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Abortion in Finland

Abortion in Finland is legal and free of charge under a broad range of circumstances. By international standards, political controversy is mild and incidence is low.

In Finland, abortion was illegal until 1950, when the Parliament of Finland legalized abortions to preserve the physical or mental health of the woman, if the woman was under 16, if the fetus might be deformed, or the woman had been raped.[1] Under pressure from the women's liberation movement and supportive editorials from most national newspapers, Finnish law was further liberalized in 1970.[2] The 1970 law allowed abortion up to 16 weeks of pregnancy for broad socio-economic reasons, if the woman was younger than 17, if the woman was older than 40, if the woman had already had four children, or if at least one parent would be unable to raise the child owing to disease or mental disturbance.[3]

This time limit was lowered from 16 to 12 weeks in 1979.[4] The 1970 law also allowed abortion up to 20 weeks of pregnancy in the event of fetal deformity or physical threat to the woman's health. A 1985 bill allowed abortion up to 20 weeks of pregnancy for underage women and up to the 24th week if an amniocentesis or ultrasound found serious impairment in the fetus.

Under most circumstances, the approval of two physicians is necessary to approve an abortion. Only one is necessary in the medically obvious cases of under-age or over-age pregnancies or when the woman has already had four children. Women seeking abortions must be provided with information detailing the significance and effects of the procedure.

In 2008, there were 10,423 abortions in Finland. There has been a gradual decrease in abortions over time, largely attributable to a decrease in the under 20 age group [5] As of 2010, the abortion rate was 10.4 abortions per 1000 women aged 15-44 years. [6]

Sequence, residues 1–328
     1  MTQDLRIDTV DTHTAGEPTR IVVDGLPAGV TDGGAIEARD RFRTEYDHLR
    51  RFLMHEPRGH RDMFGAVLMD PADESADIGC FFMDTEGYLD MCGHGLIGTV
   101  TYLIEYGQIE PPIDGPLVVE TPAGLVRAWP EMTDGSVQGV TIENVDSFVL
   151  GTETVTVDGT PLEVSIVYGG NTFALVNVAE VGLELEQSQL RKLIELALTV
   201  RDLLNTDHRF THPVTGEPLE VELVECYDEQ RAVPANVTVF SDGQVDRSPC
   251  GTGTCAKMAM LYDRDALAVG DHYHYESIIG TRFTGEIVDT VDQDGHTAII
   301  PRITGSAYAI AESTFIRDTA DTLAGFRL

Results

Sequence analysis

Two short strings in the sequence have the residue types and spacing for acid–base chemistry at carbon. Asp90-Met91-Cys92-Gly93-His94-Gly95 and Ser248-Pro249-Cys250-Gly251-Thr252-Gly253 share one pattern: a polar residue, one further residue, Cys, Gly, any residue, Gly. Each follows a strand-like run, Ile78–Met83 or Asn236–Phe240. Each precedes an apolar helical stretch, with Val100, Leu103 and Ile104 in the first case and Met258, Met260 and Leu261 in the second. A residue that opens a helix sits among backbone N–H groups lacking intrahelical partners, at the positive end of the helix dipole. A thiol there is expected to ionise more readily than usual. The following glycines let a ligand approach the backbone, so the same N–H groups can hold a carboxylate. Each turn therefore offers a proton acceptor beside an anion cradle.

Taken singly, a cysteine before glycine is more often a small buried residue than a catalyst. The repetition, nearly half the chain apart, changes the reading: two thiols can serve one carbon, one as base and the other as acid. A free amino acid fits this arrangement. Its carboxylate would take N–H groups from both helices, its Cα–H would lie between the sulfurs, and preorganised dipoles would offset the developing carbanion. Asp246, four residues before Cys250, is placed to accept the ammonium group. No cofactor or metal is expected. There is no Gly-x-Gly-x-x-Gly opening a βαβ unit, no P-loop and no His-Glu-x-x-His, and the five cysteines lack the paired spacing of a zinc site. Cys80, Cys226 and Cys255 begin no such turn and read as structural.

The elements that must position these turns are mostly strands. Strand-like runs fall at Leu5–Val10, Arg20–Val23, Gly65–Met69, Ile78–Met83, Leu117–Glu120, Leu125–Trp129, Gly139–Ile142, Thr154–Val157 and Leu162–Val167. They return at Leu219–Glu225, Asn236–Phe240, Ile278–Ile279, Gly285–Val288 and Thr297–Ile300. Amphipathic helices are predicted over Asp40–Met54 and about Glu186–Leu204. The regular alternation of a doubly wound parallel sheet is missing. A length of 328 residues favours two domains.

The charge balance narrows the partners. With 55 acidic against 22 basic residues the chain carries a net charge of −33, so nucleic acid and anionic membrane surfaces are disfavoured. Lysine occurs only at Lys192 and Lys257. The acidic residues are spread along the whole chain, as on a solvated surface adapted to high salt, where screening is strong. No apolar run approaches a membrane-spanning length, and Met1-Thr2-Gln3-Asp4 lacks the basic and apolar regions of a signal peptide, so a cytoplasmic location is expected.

Abortions are provided free-of-charge in hospitals. It is illegal to perform abortions in clinics, though doctors are empowered to provide abortions outside of hospitals in emergency circumstances. Illegal abortions remain very rare because, due to the generality of the conditions specified in the law, in practice a woman can get an abortion under almost any circumstance.[7]

Political controversy since the 1970 law has been mild. Members of parliament from rightist parties, notably the Finns Party, periodically make statements decrying abortion as immoral. Still, there has been no focused political campaign to significantly restrict abortion since legalization.

See also


  1. ^ Pirkko Niemelä. 1988. "Finland." Pg. 152-69 in International Handbook on Abortion. Ed. Paul Sachdev. New York: Greenwood Press.
  2. ^ Helga Suutarinen. 1972. Vuoden 1970 aborttilaki sanomalehtien pääkirjoitukissa [The 1970 abortion law in newspaper editorials]. M.S. Thesis in Social Politics, University of Helsinki.
  3. ^ Pirkko Niemelä. 1988. "Finland." Pg. 152-69 in International Handbook on Abortion. Ed. Paul Sachdev. New York: Greenwood Press.
  4. ^ (Finnish) Finnish Medical Society Duodecim. "Raskaudenkeskeytys." (August 20, 2001). Retrieved June 14, 2007.
  5. ^ (Finnish) Terveyden ja Hyvinvoinnin Laitos "[1]." (November 23, 2009). Raskaudenkeskeytykset Retrieved March 22, 2010.
  6. ^ "World Abortion Policies 2013". United Nations. 2013. Retrieved 3 March 2014. 
  7. ^ Europe's Abortion Laws. (February 12, 2007). BBC News. Retrieved June 14, 2007.
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